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Friday, January 5, 2007
Happy 75th, American Scholar
I have in my hands the 75th anniversary edition of The American Scholar, the quarterly journal of literature, science, and culture published by the Phi Beta Kappa Society. (I am not a member, but I'll bet at least one or two of my fellow Brainiacs is; would you care to out yourselves?)
I discovered The American Scholar in the late 1990s, during the editorship (1998-2004) of Anne Fadiman, who -- as I wrote in an Ideas item last winter -- had turned the formerly stodgy journal into a prize-winning redoubt of belletristic personal essays. I always found something in each issue to admire, but it wasn't really my cup of tea.
Under editor Robert Wilson, who took the job in 2005 promising to return The American Scholar to its roots as a forum for public intellectuals, it's been a much better read, in my opinion. I particularly enjoy the fact that it doesn't take itself too seriously, as is evidenced in the 75th anniversary issue by historian Ted Widmer's interesting and funny account of the quarterly's history, which mixes praise for the journal's impressive roster of contributors with wry asides about, for example, how it sometimes fell prey to "some pedantry, some snobbery, and some Babbittry."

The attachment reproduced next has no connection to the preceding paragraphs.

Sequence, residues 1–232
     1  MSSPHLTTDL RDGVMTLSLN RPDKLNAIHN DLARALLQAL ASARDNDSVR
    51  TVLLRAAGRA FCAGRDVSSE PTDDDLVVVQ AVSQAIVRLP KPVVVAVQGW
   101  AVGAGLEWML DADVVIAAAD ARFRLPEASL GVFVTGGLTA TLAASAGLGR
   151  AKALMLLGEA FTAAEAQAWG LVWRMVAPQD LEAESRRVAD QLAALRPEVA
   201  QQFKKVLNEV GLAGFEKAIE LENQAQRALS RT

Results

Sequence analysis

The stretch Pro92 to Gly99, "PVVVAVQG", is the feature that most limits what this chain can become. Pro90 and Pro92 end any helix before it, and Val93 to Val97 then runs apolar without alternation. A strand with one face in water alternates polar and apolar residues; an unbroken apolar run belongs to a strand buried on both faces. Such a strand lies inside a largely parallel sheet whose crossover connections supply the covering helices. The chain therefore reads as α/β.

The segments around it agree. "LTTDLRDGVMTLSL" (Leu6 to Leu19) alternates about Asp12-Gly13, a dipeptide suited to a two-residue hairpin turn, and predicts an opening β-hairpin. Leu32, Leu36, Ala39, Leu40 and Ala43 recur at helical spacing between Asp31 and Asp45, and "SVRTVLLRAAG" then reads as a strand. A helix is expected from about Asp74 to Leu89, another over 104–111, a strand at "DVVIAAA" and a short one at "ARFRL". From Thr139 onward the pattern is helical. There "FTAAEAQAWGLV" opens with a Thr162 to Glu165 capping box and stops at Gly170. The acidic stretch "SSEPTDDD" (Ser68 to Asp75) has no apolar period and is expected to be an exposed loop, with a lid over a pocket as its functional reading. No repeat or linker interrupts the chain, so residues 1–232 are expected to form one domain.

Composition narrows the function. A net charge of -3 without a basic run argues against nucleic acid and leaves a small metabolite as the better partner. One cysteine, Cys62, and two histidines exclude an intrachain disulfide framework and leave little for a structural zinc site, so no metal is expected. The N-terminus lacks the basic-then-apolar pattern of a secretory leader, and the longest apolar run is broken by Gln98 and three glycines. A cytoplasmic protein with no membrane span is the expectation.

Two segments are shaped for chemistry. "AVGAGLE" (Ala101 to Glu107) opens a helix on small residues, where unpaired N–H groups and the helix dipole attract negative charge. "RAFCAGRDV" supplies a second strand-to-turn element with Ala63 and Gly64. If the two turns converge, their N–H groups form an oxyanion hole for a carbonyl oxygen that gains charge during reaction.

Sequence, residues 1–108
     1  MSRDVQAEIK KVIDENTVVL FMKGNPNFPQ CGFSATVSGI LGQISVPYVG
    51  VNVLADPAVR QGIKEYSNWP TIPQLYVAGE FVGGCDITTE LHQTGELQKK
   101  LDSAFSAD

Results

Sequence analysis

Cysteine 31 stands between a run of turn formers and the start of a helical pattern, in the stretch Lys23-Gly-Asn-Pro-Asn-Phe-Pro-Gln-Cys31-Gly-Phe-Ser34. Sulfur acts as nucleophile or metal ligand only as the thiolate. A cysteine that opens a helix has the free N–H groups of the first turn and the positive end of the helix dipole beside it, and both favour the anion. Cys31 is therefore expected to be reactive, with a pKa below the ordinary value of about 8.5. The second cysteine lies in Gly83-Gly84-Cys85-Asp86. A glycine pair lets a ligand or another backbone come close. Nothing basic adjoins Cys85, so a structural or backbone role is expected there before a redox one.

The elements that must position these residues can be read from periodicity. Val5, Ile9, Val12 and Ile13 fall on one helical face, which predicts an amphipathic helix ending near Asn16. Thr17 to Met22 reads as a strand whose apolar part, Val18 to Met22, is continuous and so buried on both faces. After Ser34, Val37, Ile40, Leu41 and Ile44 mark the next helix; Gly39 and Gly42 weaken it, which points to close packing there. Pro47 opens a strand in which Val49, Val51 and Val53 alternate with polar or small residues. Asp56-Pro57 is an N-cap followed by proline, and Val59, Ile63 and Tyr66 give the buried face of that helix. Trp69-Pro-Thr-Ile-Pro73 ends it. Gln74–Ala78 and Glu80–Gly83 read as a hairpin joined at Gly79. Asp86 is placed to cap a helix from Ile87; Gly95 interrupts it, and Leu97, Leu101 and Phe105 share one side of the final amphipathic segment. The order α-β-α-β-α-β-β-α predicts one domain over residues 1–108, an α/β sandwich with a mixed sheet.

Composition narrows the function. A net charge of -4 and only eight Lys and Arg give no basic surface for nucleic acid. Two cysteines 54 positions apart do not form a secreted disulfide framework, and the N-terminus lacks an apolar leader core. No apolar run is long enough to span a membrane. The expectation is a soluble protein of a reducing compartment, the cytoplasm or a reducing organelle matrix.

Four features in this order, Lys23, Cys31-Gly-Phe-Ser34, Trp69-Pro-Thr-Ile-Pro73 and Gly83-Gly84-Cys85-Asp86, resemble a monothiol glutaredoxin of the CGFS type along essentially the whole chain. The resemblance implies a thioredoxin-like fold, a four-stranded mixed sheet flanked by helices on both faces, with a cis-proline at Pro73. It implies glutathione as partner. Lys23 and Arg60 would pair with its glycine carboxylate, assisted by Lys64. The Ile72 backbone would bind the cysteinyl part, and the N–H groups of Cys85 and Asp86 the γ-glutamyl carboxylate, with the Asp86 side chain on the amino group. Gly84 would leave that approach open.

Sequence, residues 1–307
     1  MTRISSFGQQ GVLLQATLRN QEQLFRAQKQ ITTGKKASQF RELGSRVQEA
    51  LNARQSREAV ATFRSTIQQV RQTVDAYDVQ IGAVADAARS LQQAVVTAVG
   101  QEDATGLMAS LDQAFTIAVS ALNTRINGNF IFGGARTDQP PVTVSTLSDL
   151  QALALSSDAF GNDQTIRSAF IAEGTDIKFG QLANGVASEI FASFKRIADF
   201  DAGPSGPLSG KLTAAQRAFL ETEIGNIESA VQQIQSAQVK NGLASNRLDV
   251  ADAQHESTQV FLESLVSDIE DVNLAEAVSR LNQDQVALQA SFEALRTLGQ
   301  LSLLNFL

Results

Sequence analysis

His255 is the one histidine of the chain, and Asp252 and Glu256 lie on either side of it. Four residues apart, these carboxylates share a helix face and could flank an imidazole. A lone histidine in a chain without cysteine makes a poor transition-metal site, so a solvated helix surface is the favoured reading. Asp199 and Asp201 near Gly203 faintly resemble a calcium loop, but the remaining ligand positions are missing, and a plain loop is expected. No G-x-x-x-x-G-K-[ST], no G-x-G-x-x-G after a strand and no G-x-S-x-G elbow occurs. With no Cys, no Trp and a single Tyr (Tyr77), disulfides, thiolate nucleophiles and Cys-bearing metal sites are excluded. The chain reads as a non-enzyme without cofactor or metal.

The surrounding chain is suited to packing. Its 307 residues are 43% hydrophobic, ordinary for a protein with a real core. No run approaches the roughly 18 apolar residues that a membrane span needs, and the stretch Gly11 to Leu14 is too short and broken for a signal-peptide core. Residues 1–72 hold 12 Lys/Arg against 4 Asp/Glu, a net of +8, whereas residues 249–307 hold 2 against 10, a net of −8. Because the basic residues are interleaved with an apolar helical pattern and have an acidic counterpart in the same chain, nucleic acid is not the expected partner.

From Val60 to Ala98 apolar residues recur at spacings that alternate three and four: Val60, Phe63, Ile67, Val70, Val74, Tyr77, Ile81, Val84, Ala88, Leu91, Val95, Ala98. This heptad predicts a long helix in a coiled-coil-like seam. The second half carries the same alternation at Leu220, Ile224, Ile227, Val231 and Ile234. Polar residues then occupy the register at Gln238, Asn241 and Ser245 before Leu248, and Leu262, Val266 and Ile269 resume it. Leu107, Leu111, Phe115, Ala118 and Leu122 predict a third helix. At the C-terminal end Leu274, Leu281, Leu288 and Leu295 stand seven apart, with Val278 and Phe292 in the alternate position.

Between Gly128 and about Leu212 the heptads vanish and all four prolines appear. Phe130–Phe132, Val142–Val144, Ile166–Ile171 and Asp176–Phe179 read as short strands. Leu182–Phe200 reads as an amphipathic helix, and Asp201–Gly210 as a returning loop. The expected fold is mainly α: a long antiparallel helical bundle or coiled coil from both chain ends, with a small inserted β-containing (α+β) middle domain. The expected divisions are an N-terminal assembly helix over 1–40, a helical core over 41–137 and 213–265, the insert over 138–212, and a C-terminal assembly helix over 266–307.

Elsewhere in the issue, literary critic Rich Nicholls excerpts a few dozen essays by the likes of Archibald MacLeish, Mark Van Doren, Daniel J. Boorstin, Barbara Tuchman, Marshall McLuhan, Edward O. Wilson, Rita Dove, and Hannah Arendt. Who are the intellectual giants and provocateurs of today? One would like to see their names appear on the cover of The American Scholar; alas, I have not seen them appear there so far during Wilson's tenure. Still, the journal is much improved, and that is no small accomplishment.
UPDATE: I should have used the word "unsung" in front of the phrase "intellectual giants and provocateurs." Also, Robert Wilson cordially argues that TAS does publish the kinds of thinkers and writers I was talking about; see his email here.